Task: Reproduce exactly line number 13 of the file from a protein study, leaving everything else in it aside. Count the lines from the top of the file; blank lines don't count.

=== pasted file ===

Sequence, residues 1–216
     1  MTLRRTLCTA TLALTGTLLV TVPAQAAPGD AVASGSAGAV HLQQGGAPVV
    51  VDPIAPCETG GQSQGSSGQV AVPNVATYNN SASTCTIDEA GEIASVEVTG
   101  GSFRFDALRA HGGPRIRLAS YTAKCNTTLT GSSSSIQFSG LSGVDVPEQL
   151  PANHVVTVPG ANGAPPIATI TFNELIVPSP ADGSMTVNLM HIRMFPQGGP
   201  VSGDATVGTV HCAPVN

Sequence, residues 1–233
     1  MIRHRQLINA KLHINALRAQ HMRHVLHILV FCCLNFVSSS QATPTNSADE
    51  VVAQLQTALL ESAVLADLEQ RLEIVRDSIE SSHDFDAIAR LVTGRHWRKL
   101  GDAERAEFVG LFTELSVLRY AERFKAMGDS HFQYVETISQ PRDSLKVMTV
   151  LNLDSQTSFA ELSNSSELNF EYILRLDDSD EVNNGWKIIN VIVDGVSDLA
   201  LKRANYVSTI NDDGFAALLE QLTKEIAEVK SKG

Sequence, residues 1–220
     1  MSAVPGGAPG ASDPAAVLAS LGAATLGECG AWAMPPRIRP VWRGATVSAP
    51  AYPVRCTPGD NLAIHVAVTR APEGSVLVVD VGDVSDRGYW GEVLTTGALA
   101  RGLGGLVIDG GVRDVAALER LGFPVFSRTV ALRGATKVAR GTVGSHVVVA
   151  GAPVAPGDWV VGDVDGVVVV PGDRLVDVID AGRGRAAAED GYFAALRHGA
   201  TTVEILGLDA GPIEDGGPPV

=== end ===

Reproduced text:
Sequence, residues 1–220